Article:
Boise-Area Home Prices Hit $400,000 for the First Time, Doubling in 7 Years
Posted by Lisa Kohl on Wednesday, September 9th, 2020 at 11:08am
Home prices in the Treasure Valley continue to break new records. No better example of that is Ada County, where home prices have hit a median of $400,000 for the first time in August. This represents a 12.7% increase in price over the previous year. It also means home prices have officially doubled in Ada County since late 2013.
Ada County is not an outlier – Canyon County and the cities of Boise, Meridian and Nampa all set new record sales prices last month. For instance, Boise’s price hit $379,900, beating last year’s median sales price of $337,767. In Canyon County, the median sales price hit $309,900 in August, whereas last year it was $250,000 – that’s a nearly $60,000 increase in one year.
To further put record prices in perspective, homes in Ada County and the City of Boise only hit a median sales price of $300,000 for the first time in March of 2018. Coincidentally, that same month homes in Canyon County first hit $200,000. Canyon County has long been considered one of the most affordable areas in the Treasure Valley. This illustrates how the rapid appreciation of homes is affecting every price point in the market.
Why Home Prices Have Skyrocketed in the Boise Metro
While supply and demand set home prices, right now in the Treasure Valley we’re seeing extreme cases of both: extremely low supply paired with extremely high demand. These factors have spurred a jump in housing prices at an unprecedented rate.
Thanks to the coronavirus, new resale listings have declined by one-third since the beginning of April when compared to the previous year, as traditional homeowners put their plans to sell on hold. At the same time, sales during July and August this year have increased by one-third.
Largely driven by this buyer demand (more details on that below), housing supply has been reduced to levels we haven’t seen since the ‘90s. For instance, in Nampa, currently our hardest-hit market, there were only 119 active listings in August – just two weeks worth of supply – compared to 408 homes last year.
In August, active inventory in Ada County declined to about three weeks of supply, or 691 homes. By contrast, last year there were 1,725 homes on the market.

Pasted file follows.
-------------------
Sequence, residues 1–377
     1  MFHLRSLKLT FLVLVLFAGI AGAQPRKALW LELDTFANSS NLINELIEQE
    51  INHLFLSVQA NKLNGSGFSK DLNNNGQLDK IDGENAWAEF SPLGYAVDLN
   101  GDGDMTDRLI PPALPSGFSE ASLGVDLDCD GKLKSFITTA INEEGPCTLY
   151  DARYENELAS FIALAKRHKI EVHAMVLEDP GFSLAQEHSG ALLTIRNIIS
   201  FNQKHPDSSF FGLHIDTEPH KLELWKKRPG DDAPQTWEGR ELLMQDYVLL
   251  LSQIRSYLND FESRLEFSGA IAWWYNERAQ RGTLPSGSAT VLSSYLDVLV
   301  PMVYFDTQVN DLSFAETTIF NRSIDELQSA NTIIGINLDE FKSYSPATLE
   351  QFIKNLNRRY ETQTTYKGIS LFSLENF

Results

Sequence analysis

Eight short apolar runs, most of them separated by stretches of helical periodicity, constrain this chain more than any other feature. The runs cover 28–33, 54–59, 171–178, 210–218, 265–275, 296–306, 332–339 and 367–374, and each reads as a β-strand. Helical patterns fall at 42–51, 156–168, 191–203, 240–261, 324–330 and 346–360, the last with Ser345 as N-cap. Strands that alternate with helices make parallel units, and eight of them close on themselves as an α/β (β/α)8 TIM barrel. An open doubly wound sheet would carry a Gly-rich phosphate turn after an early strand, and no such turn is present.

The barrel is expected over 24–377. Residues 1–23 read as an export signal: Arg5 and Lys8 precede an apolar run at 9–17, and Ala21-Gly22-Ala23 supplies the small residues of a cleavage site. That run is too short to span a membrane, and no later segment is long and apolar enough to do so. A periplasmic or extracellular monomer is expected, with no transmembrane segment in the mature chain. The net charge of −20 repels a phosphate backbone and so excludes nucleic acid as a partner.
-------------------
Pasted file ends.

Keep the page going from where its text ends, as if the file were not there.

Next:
Given our current demand, to reach a balanced market of four to six months of inventory – which means the market favors neither buyers nor sellers – the supply of available homes in Ada County alone would need to be in the 4,500 to 6,500 range.
Traditionally, the number of Treasure Valley listings peaks in early fall. Instead, we are entering a season with fewer listings than we’ve seen in multiple decades, and with the number of listings down 60% from the year prior.
Home Prices in the Treasure Valley Aren’t Likely to Peak Any Time Soon
All indications show that home prices in the Treasure Valley aren’t likely to level out any time soon. Even our usual seasonal expectations are being upended. For instance, last year, home prices didn’t peak until November (and we were setting new records just two months later).
Low mortgage rates and new coronavirus influenced housing priorities will continue to fuel demand, along with a continuation of record-low inventory.
Record-low 30-year fixed mortgage rates, which have hovered below 3% for the sixth consecutive week, continue to keep demand healthy by putting otherwise unaffordable homes within budget, especially for first-time homebuyers. Consider this: in 2006, the typical 30-year mortgage rate was 6.7%, whereas today, it is 2.9%.
This means that while the average home price has jumped by $160,000 since 2006, mortgage payments have only increased by about $200 per month in that time frame – from $1,200 in 2006 to $1,400 in 2020. *Partially explaining the fierce bidding wars we continue to see despite quickly rising prices.
The coronavirus has helped shape new priorities for individuals and families. It has also sped up many homebuyers' timeline for purchasing a new home. Nationally, because of the coronavirus, there is a mass migration as families leave tightly packed cities to less expensive, more expansive rural areas. Unsurprisingly, this includes the Treasure Valley.